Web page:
Forum for Science, Industry and Business

Sponsored by:     3M 
Search our Site:

 

How Butterflies Fly Thousands Of Miles Without Getting Lost Revealed By Researchers

02.08.2005


While “navigation” systems in automobiles are a fairly new (and still costly) innovation, monarch butterflies have managed for millennia to navigate their way for a distance of some 3000 miles (4800 kilometers) each fall from Canada to Mexico (and vice-versa in the spring) without losing their way.


A typical monarch butterfly. photo courtesy of Scott Camazine (www.scottcamazine.com)



The phenomenon of long-range bird migration is a well-known one, but not in the insect world. Also, among birds their migration route is a round-trip one, which they make more than once in their lifetimes, while for the monarch it is strictly a one-way trip for each butterfly. How do these creatures do it?

The mystery of the mechanisms involved in this remarkable phenomenon has been resolved by a team of scientists who did this by exploring the infinitesimal butterfly brain and eye tissues to uncover new insights into the biological machinery that directs this delicate creature on its lengthy flight path.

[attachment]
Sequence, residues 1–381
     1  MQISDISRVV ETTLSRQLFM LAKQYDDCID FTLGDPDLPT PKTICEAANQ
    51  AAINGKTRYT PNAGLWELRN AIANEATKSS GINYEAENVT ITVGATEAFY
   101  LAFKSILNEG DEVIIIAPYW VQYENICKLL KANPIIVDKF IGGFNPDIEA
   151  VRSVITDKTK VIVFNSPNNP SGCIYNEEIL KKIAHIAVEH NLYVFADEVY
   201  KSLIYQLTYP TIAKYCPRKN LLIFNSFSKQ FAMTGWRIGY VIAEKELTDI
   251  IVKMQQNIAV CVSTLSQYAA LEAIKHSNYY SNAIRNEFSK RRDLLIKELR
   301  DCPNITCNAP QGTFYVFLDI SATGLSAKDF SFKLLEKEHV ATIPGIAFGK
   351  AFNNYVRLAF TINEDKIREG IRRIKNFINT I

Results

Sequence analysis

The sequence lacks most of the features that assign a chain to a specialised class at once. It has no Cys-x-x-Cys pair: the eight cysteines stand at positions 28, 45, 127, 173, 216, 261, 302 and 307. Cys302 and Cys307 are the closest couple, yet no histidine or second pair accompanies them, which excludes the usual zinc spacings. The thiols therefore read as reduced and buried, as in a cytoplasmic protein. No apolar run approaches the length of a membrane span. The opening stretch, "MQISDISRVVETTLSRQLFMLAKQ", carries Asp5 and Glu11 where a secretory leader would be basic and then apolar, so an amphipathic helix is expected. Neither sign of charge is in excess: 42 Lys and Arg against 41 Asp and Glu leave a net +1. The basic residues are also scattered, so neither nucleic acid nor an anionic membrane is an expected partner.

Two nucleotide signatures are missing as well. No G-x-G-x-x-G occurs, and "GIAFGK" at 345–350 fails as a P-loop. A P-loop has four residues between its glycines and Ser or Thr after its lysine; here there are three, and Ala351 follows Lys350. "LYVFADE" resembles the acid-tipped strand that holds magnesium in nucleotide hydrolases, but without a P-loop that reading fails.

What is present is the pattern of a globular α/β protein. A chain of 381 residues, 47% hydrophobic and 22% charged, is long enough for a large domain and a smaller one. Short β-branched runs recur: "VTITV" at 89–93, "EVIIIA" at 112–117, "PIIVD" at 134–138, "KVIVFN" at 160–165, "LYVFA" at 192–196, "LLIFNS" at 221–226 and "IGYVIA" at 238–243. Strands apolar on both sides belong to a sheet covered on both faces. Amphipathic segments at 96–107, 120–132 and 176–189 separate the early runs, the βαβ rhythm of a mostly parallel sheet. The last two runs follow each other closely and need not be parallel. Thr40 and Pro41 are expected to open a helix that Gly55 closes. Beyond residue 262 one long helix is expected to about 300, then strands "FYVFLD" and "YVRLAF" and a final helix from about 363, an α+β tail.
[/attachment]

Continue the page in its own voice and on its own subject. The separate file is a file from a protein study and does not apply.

The research team, led by Prof. Steven Reppert of the University of Massachusetts Medical School, included Dr. Oren Froy, now of the Faculty of Agricultural, Food and Environmental Quality Sciences of the Hebrew University of Jerusalem. Others involved were from the Czech Academy of Sciences and the University of California, Irvine. Their latest findings were published in a recent issue of Neuron magazine, constituting a continuation of their earlier work, published in the journal Science.